Brexit currency crunch
24.01.2019 – Fine Wine Investment –
One of the questions we at Amphora are always asked these days concerns the impact Brexit is having and might have on the fine wine investment market. When you are investing in anything at all it is important to keep your emotions at bay, because nothing is more guaranteed to interfere with a coherent long-term strategy than a fit of high passion. The trouble with Brexit is that it seems impossible to hold a position on the subject with anything less than religious fervour!
Ostensibly the reflex response points towards the currency markets. Fine wine is a luxury good whose secondary market is denominated in Sterling. In the event of significant weakness in Sterling there ought to be a boost to prices which have either suddenly or gradually become cheaper for a foreign buyer. There are lots of foreign buyers of fine wine!
Here is the Liv-ex 100 over the last 12 months:
This suggests that Sterling might have been firming up nicely in Q1 2018 then weakening considerably towards the summer, before rebounding with some vigour over the final quarter and into this year. These are the two main currency relationships:
Sterling vs the USD traded within quite a wide range last year but the predominant move was clearly weakening towards the summer after a reasonably firm opening. So far so good in translation into the fine wine market, but then the correlation softens markedly in the second half of the year. There are moves which you could attribute to correlation but you would have to be looking for them to find them. In other words, they are not substantial.
This is the Euro:
This is quite interesting in so far as there is less exaggeration in the degree of weakness over the first half of 2018, but quite a vivid rebound in November before collapsing quite sharply as the year closed. Had there been a close relationship between a weakening Sterling and a strengthening fine wine market we would have seen a much brighter end to the year for the Liv-ex 100.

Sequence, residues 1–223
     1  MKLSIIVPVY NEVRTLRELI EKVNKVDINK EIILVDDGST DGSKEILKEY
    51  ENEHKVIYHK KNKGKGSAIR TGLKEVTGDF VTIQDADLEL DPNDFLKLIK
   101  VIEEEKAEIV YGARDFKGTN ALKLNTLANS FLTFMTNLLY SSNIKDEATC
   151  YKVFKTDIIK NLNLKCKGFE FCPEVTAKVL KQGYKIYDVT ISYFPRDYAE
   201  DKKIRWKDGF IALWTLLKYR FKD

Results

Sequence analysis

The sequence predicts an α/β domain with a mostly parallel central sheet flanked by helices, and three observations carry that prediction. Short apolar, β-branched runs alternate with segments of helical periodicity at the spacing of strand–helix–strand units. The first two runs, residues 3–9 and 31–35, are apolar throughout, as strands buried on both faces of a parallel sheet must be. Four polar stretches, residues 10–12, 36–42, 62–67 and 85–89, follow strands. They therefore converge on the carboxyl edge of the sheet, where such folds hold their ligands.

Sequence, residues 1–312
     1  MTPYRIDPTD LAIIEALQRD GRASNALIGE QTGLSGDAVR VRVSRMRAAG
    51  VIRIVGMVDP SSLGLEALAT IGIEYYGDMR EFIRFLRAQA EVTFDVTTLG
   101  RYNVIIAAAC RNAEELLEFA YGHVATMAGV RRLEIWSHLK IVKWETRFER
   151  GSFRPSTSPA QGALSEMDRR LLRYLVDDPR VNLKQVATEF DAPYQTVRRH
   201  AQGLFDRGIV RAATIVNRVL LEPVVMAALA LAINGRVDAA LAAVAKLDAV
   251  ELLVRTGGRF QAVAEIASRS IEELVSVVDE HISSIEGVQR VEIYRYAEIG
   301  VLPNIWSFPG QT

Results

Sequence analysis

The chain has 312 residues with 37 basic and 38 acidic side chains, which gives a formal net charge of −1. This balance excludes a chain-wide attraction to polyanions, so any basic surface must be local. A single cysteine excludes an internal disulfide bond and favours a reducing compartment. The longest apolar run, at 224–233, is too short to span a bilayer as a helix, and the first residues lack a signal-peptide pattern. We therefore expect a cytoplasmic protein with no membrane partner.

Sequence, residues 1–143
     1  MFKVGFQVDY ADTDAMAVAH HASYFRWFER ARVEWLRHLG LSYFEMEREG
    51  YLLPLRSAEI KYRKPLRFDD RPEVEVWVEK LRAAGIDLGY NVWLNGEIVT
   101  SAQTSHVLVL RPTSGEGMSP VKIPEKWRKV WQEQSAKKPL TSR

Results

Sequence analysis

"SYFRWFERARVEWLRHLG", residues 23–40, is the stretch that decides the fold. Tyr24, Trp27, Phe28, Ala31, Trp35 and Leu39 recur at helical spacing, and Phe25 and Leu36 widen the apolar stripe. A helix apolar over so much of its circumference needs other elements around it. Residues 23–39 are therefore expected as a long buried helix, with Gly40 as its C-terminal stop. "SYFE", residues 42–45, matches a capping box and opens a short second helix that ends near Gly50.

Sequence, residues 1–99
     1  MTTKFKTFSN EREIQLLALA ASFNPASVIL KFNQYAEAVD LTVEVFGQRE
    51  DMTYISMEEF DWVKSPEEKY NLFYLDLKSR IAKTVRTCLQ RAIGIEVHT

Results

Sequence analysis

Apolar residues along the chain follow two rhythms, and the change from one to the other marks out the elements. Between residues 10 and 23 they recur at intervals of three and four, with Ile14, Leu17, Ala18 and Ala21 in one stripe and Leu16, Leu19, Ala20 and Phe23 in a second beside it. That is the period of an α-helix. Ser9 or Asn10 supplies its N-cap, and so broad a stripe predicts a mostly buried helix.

Whilst it may be difficult to trace shorter term associations, indeed there is no need to do so because fine wine investment is not a short term activity, we think the following chart offers food for thought:
The relentless rise of Burgundy seems to have gone on forever but is in fact a 30 month phenomenon, thus far. It is always difficult to figure out what exactly might have lit the blue touch paper for any major shift, but we think this is striking:
It is almost as if the mid 2016 lurch from 1.45 to 1.30 was the point at which US$ buyers, and remember that a lot of Asian buyers can effectively be classed as US$ denominated, finally decided at that exchange rate that prices were irresistible, thus kick-starting the trend which currently shows little sign of letting up.
We have discussed Burgundy many times in the past and there is little doubt that it has been more of a collector’s market than an investor’s hitherto, and even if there is a trickle down in interest from the top names which we are hoping for it will remain challenging from a secondary market perspective. No producers there offer sufficient quantities to generate a great deal of market liquidity.
Currency moves seem to us to underlie the market place to the extent that investment returns can either be supercharged by weakening Sterling or delayed as it strengthens, but obviously the unique dynamic of diminishing supply and increasing desirability which are the crucial conditions underpinning rising prices are unaffected.
What the Brexit referendum does remind us though is how flexible an investment fine wine is. As an investment house Amphora is politically agnostic but it is plain to see the complications raised by a yes or no vote. For doubtless many additional reasons we now have scant respect shown by Remainers and Leavers to the other side, contributing to the impasse.
In investment terms this is almost akin to the decision faced when buying gold. You are either in (albeit there is the question of degree), or you are out. There is no middle ground, no options to afford depth and risk management to your exposure. Imagine if the UK was able to temper its exposure to the EU, to cherry pick those aspects which suited, leaving aside those which don’t.
Of course in this case there are 27 different voices and a legal and administrative carapace ensuring that this is perfectly impossible, not to mention warring factions everywhere you look within the UK. “If that is the destination you most definitely don’t want to start from here.” But whatever your starting point as a fine wine investor, whether with an existing portfolio or a blank sheet of paper, you have endless possibilities and the ultimate in flexibility to realise your ambitions. If only Teresa May could say the same.